Hall agreed to testify truthfully when called, five years probation, a $5,000 fine, 200 hours of community service and a ban on polling and election administration-related activities. He also recorded a statement for prosecutors and pledged to pen a letter of apology to Georgia voters.

Hall was indicted last month in connection with the breach of sensitive voting data in Coffee County in South Georgia on Jan. 7, 2021. He had been charged with racketeering and six felony counts of conspiracy.

The agreement is a victory for prosecutors, who are preparing for at least two sets of trials involving what is now 18 defendants. Jury selection for the trial involving the first two defendants, Sidney Powell and Kenneth Chesebro, is slated to begin on Oct. 20.
This is going to be a bad, bad weekend for Trump, as he'll wonder who else will turn on him.
Who else will play Let's Make A Deal with Fulton County DA Fani Willis? 

Like fellow Whose Line? veteran Drew Carey, Wayne Brady has made a 15-year second career filling the legendary shoes of a beloved game show host. He's made thousands of deals with contestants.
We're about to find out if Fani Willis can wheel and deal just as well, and I'm betting she can.

Prime Time Drama

The Biden Administration is filing an anti-trust suit against Amazon over having monopoly power large enough to "warp the entire internet economy".
The Federal Trade Commission, the U.S. government’s primary business regulator, sued Amazon on Tuesday, alleging that the company has used its market power to warp ecommerce across the internet.

The allegations focus on the company’s primary marketplace,, and paint a picture of a company able to use its size and power to pressure sellers to agree to its terms and warp the prices of goods.

There is immediate harm that is ongoing here,” FTC Chair Lina Khan said at a news conference ahead of the lawsuit announcement. “Sellers are paying one of every $2 to Amazon. Shoppers are paying higher prices as a result, not just on Amazon but across the internet. And the public as a whole has been deprived of the benefits of open and fair and free competition. And so that’s what this case is really about, and those are the harms that we’re looking to fix.”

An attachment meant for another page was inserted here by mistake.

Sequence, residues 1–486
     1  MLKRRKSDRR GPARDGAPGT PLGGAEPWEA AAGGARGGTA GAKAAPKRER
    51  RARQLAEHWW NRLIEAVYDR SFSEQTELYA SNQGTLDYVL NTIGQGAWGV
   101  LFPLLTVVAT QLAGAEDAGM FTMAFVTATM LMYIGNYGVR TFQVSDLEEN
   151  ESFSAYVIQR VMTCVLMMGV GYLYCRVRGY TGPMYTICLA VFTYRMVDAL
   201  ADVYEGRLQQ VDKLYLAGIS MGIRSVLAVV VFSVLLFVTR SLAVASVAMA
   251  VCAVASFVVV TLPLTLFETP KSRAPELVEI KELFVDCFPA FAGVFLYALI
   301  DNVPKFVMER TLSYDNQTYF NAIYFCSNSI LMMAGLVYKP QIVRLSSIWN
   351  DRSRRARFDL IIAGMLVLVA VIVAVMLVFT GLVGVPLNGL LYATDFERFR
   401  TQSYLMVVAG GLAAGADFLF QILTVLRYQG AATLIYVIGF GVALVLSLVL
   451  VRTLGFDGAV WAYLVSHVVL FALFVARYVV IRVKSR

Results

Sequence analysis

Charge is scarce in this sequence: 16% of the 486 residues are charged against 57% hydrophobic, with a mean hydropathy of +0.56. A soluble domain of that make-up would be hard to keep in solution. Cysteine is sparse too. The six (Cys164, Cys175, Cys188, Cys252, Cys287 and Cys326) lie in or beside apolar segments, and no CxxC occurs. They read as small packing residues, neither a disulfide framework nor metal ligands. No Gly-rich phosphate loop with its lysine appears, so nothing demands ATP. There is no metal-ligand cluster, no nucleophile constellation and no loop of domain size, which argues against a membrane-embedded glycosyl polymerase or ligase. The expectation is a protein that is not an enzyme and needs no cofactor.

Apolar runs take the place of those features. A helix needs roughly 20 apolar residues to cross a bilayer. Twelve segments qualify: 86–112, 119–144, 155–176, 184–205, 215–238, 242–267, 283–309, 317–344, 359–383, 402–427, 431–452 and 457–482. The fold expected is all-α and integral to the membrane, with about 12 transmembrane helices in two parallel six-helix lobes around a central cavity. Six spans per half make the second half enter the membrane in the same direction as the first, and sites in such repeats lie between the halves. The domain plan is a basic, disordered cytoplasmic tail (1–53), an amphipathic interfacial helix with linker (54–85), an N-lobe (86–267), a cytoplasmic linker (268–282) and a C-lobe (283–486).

The FTC made the allegations in an antitrust lawsuit in the U.S. District Court for the Western District of Washington state, backed by the attorneys general of 17 states, including two Republicans. Amazon is based in Washington state.

The lawsuit is the most aggressive action yet by Khan, a longtime critic of Amazon who was brought in to the FTC by President Joe Biden to reinvigorate the government’s enforcement of competition laws particularly around technology companies.

The FTC alleges that Amazon deters sellers from discounting goods and lowering prices below what is available on Amazon, pushing prices higher across the internet. It also argues that Amazon pushes sellers into its fulfillment services, making it more expensive for sellers to offer their goods elsewhere.

California lodged similar complaints in a lawsuit filed just more than a year ago.

Kahn declined to directly address whether she hoped the suit would lead to a breakup of Amazon into smaller companies, but stressed that it showed Amazon had established an unfair advantage.

“Each element of Amazon’s monopolistic strategy here is working in tandem, and so the cumulative impact of Amazon’s unlawful conduct is greater than the harm caused by any particular element,” she said. “So you have a feedback loop between these different practices in a way that amplifies the overall exclusionary effects.”

In a statement posted to Amazon’s website, David Zapolsky, Amazon's senior vice president for global public policy, said: “The practices the FTC is challenging have helped to spur competition and innovation across the retail industry, and have produced greater selection, lower prices, and faster delivery speeds for Amazon customers and greater opportunity for the many businesses that sell in Amazon’s store.”
Amazon's defense is "Nu-uh, we're helping."
By the way, that $89 year of Amazon Prime is now $139, a nearly 50% price hike from just five years ago. On top of everything else, they get you coming and going.

As I've said before, breaking up Amazon, Google, and Meta needs to happen sooner rather than later. Lina Kahn may have lost a few battles, but this is the one she needs to win.